We all remember what’s-his ass, Tony Hayward, whining last spring about this inconvenient oil spill in the Gulf of Mexico: “The first thing to say is I’m sorry,” he told reporters, when asked what he would like to tell locals whose livelihoods have been affected. “We’re sorry for the massive disruption it’s caused their lives. There’s no one who wants this over more than I do. I would like my life back,” he said.
(Illustration found here).
Hayward is a turd.
He and the entire oil industry can not understand.
Results from a new Gallup poll:
Before the BP oil spill, the Gulf Coast was a place of abundant shrimping, tourist-filled beaches and a happy if humble lifestyle.
Now, it’s home to depression, worry and sadness for many.
A Gallup survey released Tuesday of almost 2,600 coastal residents showed that depression cases are up more than 25 percent since an explosion killed 11 people and unleashed a three-month gusher of crude into the Gulf in April that ruined many livelihoods.
The conclusions were consistent with trends seen in smaller studies and witnessed by mental health workers.
People just aren’t as happy as they used to be despite palm trees and warm weather.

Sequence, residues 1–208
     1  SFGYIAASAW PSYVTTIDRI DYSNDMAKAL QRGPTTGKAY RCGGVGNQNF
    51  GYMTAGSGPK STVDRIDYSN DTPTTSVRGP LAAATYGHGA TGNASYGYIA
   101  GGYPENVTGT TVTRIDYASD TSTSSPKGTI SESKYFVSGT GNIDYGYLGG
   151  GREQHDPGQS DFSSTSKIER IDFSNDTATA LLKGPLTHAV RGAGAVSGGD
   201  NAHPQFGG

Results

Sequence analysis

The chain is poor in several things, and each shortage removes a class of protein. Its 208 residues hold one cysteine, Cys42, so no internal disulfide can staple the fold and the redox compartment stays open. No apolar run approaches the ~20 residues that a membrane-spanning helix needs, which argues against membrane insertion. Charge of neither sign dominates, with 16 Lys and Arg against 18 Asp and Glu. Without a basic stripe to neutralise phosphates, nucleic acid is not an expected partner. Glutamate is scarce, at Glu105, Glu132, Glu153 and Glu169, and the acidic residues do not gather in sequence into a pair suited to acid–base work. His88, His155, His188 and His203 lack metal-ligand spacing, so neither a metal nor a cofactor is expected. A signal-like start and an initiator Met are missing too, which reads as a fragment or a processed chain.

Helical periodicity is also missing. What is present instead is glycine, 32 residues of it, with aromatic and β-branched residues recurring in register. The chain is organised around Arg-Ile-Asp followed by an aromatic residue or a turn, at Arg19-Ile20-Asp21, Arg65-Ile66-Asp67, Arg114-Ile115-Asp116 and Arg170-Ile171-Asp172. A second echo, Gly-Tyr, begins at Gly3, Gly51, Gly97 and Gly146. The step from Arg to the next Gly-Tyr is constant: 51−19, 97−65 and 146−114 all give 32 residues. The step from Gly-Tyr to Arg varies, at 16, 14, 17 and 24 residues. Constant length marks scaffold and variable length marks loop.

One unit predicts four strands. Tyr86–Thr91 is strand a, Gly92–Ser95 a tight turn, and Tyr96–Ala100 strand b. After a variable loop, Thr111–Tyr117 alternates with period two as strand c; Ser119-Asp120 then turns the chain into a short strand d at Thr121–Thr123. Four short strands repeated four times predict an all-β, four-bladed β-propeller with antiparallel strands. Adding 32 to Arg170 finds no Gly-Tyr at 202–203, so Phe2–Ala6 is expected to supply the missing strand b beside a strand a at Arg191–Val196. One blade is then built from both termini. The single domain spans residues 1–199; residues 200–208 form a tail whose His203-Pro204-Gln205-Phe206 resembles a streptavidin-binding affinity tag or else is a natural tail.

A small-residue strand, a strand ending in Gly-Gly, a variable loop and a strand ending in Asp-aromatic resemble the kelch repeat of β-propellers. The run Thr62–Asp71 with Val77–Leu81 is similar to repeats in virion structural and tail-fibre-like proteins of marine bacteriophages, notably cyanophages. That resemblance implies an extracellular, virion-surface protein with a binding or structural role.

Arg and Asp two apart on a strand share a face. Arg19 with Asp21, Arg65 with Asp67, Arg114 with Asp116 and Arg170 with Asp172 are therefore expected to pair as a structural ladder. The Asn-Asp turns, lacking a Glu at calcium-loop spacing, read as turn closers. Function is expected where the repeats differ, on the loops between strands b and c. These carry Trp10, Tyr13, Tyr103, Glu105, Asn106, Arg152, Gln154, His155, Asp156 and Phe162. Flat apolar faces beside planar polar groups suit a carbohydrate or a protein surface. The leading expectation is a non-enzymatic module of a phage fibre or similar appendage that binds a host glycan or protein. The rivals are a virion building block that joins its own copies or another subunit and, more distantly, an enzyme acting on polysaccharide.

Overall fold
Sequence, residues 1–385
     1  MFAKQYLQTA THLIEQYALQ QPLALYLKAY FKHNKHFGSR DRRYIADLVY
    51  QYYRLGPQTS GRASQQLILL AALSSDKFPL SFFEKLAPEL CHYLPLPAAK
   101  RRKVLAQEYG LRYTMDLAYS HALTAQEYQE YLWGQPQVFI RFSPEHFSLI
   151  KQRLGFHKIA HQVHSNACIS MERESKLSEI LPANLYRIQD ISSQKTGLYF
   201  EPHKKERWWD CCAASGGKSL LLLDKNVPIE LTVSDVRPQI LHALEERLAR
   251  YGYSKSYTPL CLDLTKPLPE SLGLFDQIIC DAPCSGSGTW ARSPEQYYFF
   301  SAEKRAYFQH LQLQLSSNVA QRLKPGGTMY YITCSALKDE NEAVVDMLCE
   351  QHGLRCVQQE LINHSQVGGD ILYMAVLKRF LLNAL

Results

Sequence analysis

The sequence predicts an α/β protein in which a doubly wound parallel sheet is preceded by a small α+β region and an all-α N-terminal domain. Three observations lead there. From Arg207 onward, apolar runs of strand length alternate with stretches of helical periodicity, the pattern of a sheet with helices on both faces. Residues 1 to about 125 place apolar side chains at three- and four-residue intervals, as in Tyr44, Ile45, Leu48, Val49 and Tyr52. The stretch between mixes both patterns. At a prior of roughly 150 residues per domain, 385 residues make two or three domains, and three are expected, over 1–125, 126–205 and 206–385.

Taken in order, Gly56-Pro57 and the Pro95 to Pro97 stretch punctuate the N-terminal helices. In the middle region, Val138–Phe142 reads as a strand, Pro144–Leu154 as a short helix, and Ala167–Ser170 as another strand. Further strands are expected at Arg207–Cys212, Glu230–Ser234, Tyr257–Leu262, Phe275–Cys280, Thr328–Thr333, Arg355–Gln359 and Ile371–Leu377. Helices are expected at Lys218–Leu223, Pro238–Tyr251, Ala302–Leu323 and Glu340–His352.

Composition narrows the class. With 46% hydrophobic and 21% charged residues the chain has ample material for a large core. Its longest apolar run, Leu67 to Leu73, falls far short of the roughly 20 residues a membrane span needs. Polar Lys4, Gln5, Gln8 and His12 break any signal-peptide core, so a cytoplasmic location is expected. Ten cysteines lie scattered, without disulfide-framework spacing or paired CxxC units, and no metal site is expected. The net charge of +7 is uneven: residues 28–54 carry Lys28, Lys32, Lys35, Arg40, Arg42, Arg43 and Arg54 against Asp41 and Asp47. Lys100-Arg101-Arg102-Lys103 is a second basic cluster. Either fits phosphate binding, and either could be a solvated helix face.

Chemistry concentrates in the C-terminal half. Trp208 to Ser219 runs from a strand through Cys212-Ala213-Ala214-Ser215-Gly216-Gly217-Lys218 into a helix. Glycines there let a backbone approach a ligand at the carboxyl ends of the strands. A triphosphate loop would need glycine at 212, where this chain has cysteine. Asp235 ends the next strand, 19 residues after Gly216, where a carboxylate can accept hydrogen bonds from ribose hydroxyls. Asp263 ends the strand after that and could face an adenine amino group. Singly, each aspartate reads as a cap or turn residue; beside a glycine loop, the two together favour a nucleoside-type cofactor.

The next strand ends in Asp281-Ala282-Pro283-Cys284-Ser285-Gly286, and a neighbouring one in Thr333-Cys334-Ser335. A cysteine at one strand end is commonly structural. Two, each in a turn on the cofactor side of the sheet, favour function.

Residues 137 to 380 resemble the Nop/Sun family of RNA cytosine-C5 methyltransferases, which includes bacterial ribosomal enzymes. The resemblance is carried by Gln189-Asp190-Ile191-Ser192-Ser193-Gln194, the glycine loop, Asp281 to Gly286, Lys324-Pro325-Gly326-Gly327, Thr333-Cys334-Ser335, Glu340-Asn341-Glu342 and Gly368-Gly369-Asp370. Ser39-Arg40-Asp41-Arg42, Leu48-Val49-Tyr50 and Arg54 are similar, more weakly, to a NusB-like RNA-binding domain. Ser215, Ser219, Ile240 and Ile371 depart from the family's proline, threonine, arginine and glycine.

A “well-being index” included in the Gallup study said many coastal residents are stressed out, worried and sad more often than people living inland, an indication that the spill’s emotional toll lingers even if most of the oil has vanished from view.
The level of mental illness was similar to that seen six months after Hurricane Katrina decimated the coast five years ago, and experts aren’t yet seeing any improvement in mental health five months after the oil crisis began.
Before Katrina, a study by the National Institute of Mental Health said only 6 percent of area residents had likely mental illnesses.
“From the types of patients we are seeing in our emergency departments, clinics and hospitals, the problems are persisting,” said William Pinsky of the New Orleans-based Ochsner Health System, which conducted the random telephone survey of 406 people in four states during the summer.
Sleeplessness, anxiety, depression, anger, substance abuse and domestic violence are among the most common problems reported by mental health agencies.
Tejuania Nelson, who runs a day-care center in fishing-dependent Grand Bay, Ala., said preschoolers whose parents were left jobless because of the spill are lashing out in unsettling ways.
“They’re throwing desks, kicking chairs,” she said. “It’s sad. With this, people do not have hope. They cannot see a better time.”
Yes, Mr Hayward, a shitload of people would like their lives back, even as the perpetrators — BP, Halliburton, Transocean — point fingers and cat-fight over whose real fault it was this horrifying incident took place.
When children go crazy, there’s shit in the water and it’s hard get any kind of life back.